WHAT YOU NEED TO KNOW:
- Montana’s health officials said Monday their department will follow a judge’s ruling that will allow transgender people to change the gender markers on their birth certificates.
- Judge Michael Moses said health officials made “calculated violations” of his order.
- The order states that officials have to temporarily stop enforcing a law blocking trans people from updating their gender on their birth certificates unless they had undergone surgery.
Montana officials announced that its health department will follow a judge’s ruling and temporarily allow trans people to update their gender markers on their birth certificates.
Monday’s statement comes just days after state officials announced they would disregard District Court Judge Michael Moses’ order.
On Monday, the judge said that state health officials made “calculated violations” of an order he issued late last week when announcing their decision to defy it.
Moses on Thursday clarified a preliminary injunction he had issued in April. The ruling states that the state could not prevent transgender people from updating their birth certificates while Senate Bill 280 was challenged in court. State officials, however, said they would not comply with the order.
Moses said Monday that he would consider motions for contempt after several violations of his April order.
State officials engaged “in needless legal gymnastics to attempt to rationalize their actions and their calculated violations of the order,” wrote Moses, who called Montana’s interpretation of his earlier order “demonstrably ridiculous.”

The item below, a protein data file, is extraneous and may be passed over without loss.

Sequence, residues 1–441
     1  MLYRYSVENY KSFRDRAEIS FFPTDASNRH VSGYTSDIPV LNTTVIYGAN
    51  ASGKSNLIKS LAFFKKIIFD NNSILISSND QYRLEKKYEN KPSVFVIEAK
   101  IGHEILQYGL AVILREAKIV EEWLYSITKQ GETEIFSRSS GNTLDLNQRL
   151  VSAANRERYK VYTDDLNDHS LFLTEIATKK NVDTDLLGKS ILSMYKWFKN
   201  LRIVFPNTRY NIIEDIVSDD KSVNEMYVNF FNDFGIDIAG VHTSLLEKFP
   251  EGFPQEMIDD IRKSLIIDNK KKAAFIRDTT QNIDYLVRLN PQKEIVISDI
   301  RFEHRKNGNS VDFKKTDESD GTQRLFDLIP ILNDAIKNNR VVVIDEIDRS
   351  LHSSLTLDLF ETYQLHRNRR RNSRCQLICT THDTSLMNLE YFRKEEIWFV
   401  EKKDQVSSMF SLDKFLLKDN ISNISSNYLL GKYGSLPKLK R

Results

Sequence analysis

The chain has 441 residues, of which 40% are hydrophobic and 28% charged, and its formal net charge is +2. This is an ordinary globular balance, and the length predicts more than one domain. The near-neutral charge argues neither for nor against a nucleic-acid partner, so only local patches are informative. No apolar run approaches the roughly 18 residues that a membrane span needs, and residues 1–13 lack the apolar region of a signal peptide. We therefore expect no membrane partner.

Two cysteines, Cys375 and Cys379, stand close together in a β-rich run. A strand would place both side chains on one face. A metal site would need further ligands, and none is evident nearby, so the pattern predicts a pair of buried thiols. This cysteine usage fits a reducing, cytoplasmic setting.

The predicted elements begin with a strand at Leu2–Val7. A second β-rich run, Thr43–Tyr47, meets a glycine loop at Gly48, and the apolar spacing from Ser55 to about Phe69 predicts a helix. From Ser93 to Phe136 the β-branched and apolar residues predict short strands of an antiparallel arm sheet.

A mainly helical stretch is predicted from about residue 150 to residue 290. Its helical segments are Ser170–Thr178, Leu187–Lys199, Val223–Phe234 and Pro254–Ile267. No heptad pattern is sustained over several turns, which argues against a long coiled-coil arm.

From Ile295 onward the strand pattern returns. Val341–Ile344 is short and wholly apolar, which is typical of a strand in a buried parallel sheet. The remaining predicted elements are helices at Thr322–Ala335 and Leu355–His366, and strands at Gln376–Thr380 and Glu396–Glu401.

Charlie Brereton, director of the state’s Department of Public Health and Human Services, said last week that “the department thoroughly evaluated the judge’s vague April 2022 decision and crafted our final rule to be consistent with the decision. It’s unfortunate that the judge’s ruling today does not square with his vague April decision.”
In a statement issued by the Montana DPHHS, they said that the agency would follow the judge’s order just hours after the judge issued his order Monday,
“The Department has received the court’s order clarifying the preliminary injunction and despite disagreeing with it, intends to comply with its terms,” department spokesperson Jon Ebelt said in a statement.
“It’s unfortunate that it has taken two very clear court orders and many months to comply with the law,” Alex Rate, an attorney with the American Civil Liberties Union (ACLU) of Montana, told The Associated Press.
“But from the perspective of transgender Montanans who are seeking to obtain accurate identity documents, today’s announcement is certainly progress,” Rate added.
The ACLU and its Montana affiliate represent two transgender individuals who want to change the gender marker on their Montana birth certificates.
Source: Yahoo! News